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Front. Physiol., 08 August 2022
Sec. Computational Physiology and Medicine
This article is part of the Research Topic Mathematical and Computational Methods in Physiology View all 6 articles

Editorial: Mathematical and computational methods in physiology

  • 1Department of Statistics and Operations Research, University of Granada, Granada, Spain
  • 2Instituto de Investigación Biosanitaria, ibs.GRANADA, Granada, Spain
  • 3Excellence Research Unit “Modeling Nature”, University of Granada, Granada, Spain
  • 4Centre for Genomics and Oncological Research (GENYO) Pfizer, Andalusian Regional Government, PTS Granada-Avenida de la Ilustración, University of Granada, Granada, Spain

Physiology constitutes a broad discipline that covers the study of the different hierarchical levels of living organisms, from the cellular one to higher levels, such as tissues or organs. The articles of this monography provide an excellent example of the telescopic capacity of this discipline. A common nexus among all these levels is that physiological systems are epistemologically complex. This implies that their study requires a necessary reduction of the complexity in order to elaborate a formal and manageable description of the system, giving rise to a model. Therefore, we need to develop mathematical models that represent the original system instead of studying it. Nevertheless, even this representation can present an unmanageable degree of complexity. Typically, the description of the physiological processes relies on non-linear relationships among a high number of variables that involve many parameters of unknown value.

However, it is possible to consider different strategies to reduce the descriptive complexity. Functional and temporal simplifications are two of them. Polynomial approximations, for example, can be accurate enough to describe a phenomenon while remaining with sufficient simplicity to treat them mathematically. On the other hand, processes that occur at a different time scale than those under study can be ignored or assumed to be at their stationary values. Aldana et al. have considered these two approaches (Aldana et al.). On the one hand, they propose a discrete model for the human sperm acrosome reaction, and on the other hand, the change of state of the variables involved is synchronous. Changes in physiological processes are continuous and smooth events, but typical non-linearities such as saturation and synergism can generate switching behaviours if the stimulus varies appropriately. Therefore, assuming categorical values for the state variables can be an efficient reductionist approach in a proper context, and as a result, the representation of functional relationships is more manageable. Synchronization implies that the model ignores the transition between states, focusing on the state space’s particular configuration reached at the end. But the capacity of this model to reproduce many of the results found in the literature supports these restrictions.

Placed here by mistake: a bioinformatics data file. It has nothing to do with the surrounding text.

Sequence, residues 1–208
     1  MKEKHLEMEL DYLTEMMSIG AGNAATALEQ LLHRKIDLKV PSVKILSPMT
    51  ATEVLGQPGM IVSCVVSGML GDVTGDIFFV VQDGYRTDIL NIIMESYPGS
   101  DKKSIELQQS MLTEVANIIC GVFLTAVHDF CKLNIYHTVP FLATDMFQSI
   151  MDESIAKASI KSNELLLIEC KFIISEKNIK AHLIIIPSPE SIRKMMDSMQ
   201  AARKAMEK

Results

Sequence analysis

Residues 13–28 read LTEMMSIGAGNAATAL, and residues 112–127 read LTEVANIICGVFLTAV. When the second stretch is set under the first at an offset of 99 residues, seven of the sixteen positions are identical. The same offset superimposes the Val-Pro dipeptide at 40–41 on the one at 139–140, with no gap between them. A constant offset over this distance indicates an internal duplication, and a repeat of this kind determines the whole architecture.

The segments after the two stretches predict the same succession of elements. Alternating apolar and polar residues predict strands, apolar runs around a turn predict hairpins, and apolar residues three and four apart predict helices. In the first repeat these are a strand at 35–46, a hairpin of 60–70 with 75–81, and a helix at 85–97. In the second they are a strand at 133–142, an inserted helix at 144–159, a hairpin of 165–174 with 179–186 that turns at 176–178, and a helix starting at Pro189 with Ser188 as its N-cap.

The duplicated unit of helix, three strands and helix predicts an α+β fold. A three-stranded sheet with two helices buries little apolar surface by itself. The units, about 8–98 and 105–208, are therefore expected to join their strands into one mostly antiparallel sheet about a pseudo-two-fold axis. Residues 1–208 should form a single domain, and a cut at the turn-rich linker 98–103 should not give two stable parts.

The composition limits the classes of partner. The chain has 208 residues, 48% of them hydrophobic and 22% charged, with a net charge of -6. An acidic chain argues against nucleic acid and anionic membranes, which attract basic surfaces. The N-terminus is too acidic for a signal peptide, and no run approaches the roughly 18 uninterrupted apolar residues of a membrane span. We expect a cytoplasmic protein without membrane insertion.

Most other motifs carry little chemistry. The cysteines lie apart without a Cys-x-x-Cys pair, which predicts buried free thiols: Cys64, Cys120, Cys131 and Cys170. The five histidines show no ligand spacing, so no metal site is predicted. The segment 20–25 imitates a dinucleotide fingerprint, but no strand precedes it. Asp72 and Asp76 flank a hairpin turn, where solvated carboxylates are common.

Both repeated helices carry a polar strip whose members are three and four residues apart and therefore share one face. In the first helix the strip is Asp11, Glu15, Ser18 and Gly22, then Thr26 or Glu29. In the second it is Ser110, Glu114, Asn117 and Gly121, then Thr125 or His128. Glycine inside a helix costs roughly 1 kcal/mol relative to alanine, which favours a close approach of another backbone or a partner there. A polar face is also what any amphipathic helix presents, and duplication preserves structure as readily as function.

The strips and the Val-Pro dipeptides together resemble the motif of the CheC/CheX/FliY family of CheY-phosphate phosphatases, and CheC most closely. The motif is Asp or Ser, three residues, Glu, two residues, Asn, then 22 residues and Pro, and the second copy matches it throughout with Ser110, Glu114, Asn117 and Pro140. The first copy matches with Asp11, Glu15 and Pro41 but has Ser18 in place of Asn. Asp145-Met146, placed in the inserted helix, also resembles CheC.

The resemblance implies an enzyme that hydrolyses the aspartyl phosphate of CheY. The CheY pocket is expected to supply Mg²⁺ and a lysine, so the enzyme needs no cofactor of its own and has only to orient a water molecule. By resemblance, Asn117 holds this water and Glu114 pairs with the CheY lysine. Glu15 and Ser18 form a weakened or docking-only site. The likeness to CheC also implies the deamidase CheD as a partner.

At this point, it is good to remind the famous aphorism attributed to the prestigious British statistician George E.P. Box, which says that all models are wrong, but some are useful. Effectively, the reductionism intrinsic in any model supposes that it is impossible to simultaneously optimize generality, realism and precision. The suitability of any model depends on the aspect of reality it retains.

But once a model is built, the challenge is to progressively remove restrictions and simplifications to bring this representation closer to the phenomenon under study. The article presented by Afshar et al. illustrates this aspect (Afshar et al.). They have considered new processes to extend a previous model about glucose uptake in the enterocyte. As a result, they provide a more accurate description of the role of apical and basal GLUT2 activity on intestinal glucose transport. In this vein, Napoli et al. Warn that the traditional sinusoidal approach to the modelization of the breathing cycle is too imprecise, and it leads to hypotheses and results that are not correct. For example, sinusoidal models of breathing have been used to calculate the expected inhaled mass breathing on nebulizers or to estimate the social distancing in indoor environments. After Napoli et al.’s paper, these inferences probably need some reviewing (Napoli et al.).